The overall objective of the Caenorhabditis Genetics Center (CGC) is to promote research on the small metazoan Caenorhabditis elegans by acquiring, maintaining, and distributing genetically characterized nematode stocks. Researchers throughout the world use genetic stocks obtained from the CGC in diverse basic and applied research endeavors. Studies using this premier model organism have led to fundamental insights into basic biological mechanisms, including the genetic basis of programmed cell death, the discovery of microRNAs, and the mechanism of RNA interference in animals. The nematode has also proved important for understanding mechanisms of cancer progression and other diseases including Alzheimer's and Parkinson's, as well as for revealing basic mechanisms underlying human development. In addition, C. elegans serves as a key model for illuminating our understanding of parasitic nematodes with relevance to human and livestock health. As the sole general stock center for the nematode C. elegans, the CGC is an extremely important international research resource. The high demand for CGC strains reflects their great importance to the research community;currently more than 25,000 strains are distributed per year. The CGC curates C. elegans strains and distributes them upon request through an on-line ordering system. A new research component will be implemented to expand the activities of the CGC. The C. elegans genetic tool-kit will be enhanced through the generation of genetic tools to aid researchers in manipulations of lethal and sterile mutations.
The Caenorhabditis Genetics Center (CGC) is the international repository and distribution center for the nematode C. elegans. Researchers throughout the world have used strains provided by the CGC to make important discoveries in diverse areas of biology, many with relevance to human health, including insights into neurodegenerative diseases, aging and cancer.
|Zugasti, Olivier; Bose, Neelanjan; Squiban, Barbara et al. (2014) Activation of a G protein-coupled receptor by its endogenous ligand triggers the innate immune response of Caenorhabditis elegans. Nat Immunol 15:833-8|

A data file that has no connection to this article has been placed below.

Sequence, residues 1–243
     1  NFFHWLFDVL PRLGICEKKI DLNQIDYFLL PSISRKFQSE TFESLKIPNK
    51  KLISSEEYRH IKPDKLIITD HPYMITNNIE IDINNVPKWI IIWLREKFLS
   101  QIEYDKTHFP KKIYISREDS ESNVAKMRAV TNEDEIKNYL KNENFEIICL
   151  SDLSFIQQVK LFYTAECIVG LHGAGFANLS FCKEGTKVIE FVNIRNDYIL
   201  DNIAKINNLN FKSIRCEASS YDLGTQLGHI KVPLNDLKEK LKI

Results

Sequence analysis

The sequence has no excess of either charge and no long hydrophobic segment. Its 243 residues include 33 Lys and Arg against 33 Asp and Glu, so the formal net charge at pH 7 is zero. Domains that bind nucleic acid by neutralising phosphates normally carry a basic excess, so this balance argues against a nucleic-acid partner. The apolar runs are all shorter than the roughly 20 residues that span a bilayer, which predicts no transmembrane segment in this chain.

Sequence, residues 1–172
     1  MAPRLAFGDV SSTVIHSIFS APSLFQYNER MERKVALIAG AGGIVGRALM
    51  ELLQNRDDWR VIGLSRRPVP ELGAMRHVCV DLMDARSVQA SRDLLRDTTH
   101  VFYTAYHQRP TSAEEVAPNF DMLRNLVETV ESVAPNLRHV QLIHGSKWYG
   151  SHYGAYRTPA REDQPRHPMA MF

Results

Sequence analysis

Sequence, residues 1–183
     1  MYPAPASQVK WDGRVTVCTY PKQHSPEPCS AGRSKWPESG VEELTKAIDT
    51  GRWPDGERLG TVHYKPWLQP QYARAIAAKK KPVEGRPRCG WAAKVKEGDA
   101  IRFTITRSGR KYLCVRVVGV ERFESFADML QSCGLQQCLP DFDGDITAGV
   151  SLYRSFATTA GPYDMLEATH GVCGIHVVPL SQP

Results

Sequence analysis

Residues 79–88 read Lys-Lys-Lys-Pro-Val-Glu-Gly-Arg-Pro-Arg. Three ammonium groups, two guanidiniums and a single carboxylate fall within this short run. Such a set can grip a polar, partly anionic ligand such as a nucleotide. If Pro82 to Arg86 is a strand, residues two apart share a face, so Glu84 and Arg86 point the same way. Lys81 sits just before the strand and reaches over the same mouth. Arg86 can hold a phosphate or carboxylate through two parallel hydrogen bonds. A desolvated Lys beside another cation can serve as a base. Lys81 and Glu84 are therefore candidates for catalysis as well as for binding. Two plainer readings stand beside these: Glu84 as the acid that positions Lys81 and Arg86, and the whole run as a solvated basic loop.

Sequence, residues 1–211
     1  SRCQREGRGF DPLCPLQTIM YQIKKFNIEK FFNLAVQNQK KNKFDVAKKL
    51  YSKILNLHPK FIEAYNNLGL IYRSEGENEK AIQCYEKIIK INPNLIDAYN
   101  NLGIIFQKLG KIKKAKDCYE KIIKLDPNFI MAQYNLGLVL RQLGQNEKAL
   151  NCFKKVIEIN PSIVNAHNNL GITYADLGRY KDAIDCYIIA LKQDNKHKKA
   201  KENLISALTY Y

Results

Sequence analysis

|Käser-Pébernard, Stéphanie; Müller, Fritz; Wicky, Chantal (2014) LET-418/Mi2 and SPR-5/LSD1 cooperatively prevent somatic reprogramming of C. elegans germline stem cells. Stem Cell Reports 2:547-59|
|Yee, Callista; Yang, Wen; Hekimi, Siegfried (2014) The intrinsic apoptosis pathway mediates the pro-longevity response to mitochondrial ROS in C. elegans. Cell 157:897-909|
|Green, James W M; Stastna, Jana J; Orbidans, Helen E et al. (2014) Highly polygenic variation in environmental perception determines dauer larvae formation in growing populations of Caenorhabditis elegans. PLoS One 9:e112830|
|Hajjar, Connie; Sampuda, Katherine M; Boyd, Lynn (2014) Dual roles for ubiquitination in the processing of sperm organelles after fertilization. BMC Dev Biol 14:6|
|Aprison, Erin Z; Ruvinsky, Ilya (2014) Balanced trade-offs between alternative strategies shape the response of C. elegans reproduction to chronic heat stress. PLoS One 9:e105513|
|Zinovyeva, Anna Y; Bouasker, Samir; Simard, Martin J et al. (2014) Mutations in conserved residues of the C. elegans microRNA Argonaute ALG-1 identify separable functions in ALG-1 miRISC loading and target repression. PLoS Genet 10:e1004286|
|Martin, Emmanuel; Harel, Sharon; Nkengfac, Bernard et al. (2014) pix-1 controls early elongation in parallel with mel-11 and let-502 in Caenorhabditis elegans. PLoS One 9:e94684|
|O'Reilly, Linda P; Long, Olivia S; Cobanoglu, Murat C et al. (2014) A genome-wide RNAi screen identifies potential drug targets in a C. elegans model of ?1-antitrypsin deficiency. Hum Mol Genet 23:5123-32|
|González-Aguilera, Cristina; Ikegami, Kohta; Ayuso, Cristina et al. (2014) Genome-wide analysis links emerin to neuromuscular junction activity in Caenorhabditis elegans. Genome Biol 15:R21|
Showing the most recent 10 out of 244 publications